Ayanda and the Mechanic 01

Many of the great universal truths revolve around family or grieving. Often it is a combination of the two. It doesn’t matter what kind of parent you have, your relationship with them doesn’t end with death. They stay with us via the ideal vision of them formulated by our memories once they have passed. This inherent desire to keep their legacy alive can be a great source of motivation in even the most unlikely individual. It is this sense of maintaining what those before us built that serves as the entry point into Sara Blecher’s Ayanda and the Mechanics (or just Ayanda depending on the country)

Ayanda (Fulu Moguvhani) is a young woman who is mostly making it on her own in South Africa by repurposing old junk into furniture. Her slightly younger brother Lenaka (Jafta Mamabolo) has just obtained a license for his restaurant, so he’s on his way to stability, while her mother oversees both the laundry business and garage that her deceased father left behind. Although he passed away several years ago, Ayanda misses him terribly and is upset to hear that her mother and uncle plan to sell the garage, which several mechanics currently maintain. Despite not being a mechanic herself, Ayanda begs her family for 3 months to make something of the floundering business.

This set up may sound similar to many of those modern fairy tales, with a little gender-bending and a “make something of yourself to honor your deceased parent” theme, but it’s much more than that.

Living in South Africa, there are certain things that one begins to notice. Take for example, the notion that the road worthiness of a car can be purchased for the right price. Or the fact that theft is a fairly common practice. Ayanda has to accept some of these, and fight against others, despite her best intentions. This is most evident when she and the mechanics, Zama (Kenneth Nkosi) & David (O.C. Ukeje), who she had a crush on, try to take an old run-down car and bring it back to its 1960s glory. Their goal is to get the car ready in time for a local auction that takes place in 15 days. However, despite their best efforts, many aspects of real life intercede and threaten the project’s completion.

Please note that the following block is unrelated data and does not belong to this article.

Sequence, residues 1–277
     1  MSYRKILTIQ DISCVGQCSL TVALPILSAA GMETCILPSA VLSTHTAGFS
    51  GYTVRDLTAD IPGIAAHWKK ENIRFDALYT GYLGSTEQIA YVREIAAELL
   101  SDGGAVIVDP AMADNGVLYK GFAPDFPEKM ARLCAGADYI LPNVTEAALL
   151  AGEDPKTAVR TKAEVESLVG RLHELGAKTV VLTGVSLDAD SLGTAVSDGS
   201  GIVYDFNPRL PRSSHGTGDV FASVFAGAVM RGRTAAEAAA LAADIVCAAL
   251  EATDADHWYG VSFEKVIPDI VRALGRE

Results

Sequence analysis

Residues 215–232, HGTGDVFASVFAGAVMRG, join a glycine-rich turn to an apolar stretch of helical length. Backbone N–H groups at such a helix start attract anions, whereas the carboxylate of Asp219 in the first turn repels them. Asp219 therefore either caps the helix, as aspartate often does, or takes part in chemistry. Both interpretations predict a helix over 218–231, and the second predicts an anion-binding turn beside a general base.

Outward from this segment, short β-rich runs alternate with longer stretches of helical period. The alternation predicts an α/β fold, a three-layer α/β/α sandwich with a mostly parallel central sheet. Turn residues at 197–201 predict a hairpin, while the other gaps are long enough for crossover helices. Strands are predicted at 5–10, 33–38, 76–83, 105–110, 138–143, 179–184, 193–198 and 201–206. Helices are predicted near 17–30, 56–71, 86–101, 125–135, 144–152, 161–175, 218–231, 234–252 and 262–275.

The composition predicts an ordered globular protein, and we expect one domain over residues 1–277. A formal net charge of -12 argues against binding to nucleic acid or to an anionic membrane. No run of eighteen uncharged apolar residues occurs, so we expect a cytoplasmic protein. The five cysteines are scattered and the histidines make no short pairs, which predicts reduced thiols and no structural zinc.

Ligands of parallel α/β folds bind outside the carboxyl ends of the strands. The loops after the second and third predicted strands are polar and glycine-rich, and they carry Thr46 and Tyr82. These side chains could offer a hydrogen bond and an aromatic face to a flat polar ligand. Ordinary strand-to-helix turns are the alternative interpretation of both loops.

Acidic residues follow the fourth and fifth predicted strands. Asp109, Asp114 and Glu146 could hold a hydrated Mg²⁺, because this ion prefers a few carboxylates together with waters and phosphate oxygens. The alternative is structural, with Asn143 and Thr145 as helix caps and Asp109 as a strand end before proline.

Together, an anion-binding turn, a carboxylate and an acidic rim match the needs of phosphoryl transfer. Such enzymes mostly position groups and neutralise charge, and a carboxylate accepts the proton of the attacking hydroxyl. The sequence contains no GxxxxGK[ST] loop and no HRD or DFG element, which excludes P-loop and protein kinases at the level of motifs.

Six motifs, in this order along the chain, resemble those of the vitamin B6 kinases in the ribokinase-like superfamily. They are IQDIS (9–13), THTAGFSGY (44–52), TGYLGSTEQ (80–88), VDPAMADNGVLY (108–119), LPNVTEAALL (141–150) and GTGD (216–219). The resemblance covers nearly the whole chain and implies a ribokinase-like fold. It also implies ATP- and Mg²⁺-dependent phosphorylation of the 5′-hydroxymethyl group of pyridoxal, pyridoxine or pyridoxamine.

I found Ayanda and the Mechanics to be thoroughly delightful. Utilizing a faux-documentary aesthetic, allows Blecher to evoke a film within a film feel at times. Since Ayanda’s friend is the one who is making the documentary, we get moments were characters talk directly to the camera, and times when we observe people being filmed talking to each other. Blecher further plays with the medium of film by including brief interludes of animation and music, as well as still photographs to end scenes.

Overall, these elements help to create a hip, and eclectic feeling throughout. While not all of the stylish touches are necessary or evenly done, their inclusion helps to frame the overall story quite well. Offering a charming glimpse into another culture, and a different perspective on the world, Ayanda and the Mechanics is an enjoyable film not to be missed.

Saturday, February 13, 7:00 PM, Carlton Cinema

Tickets can be purchased at the Toronto Black Film Festival website.


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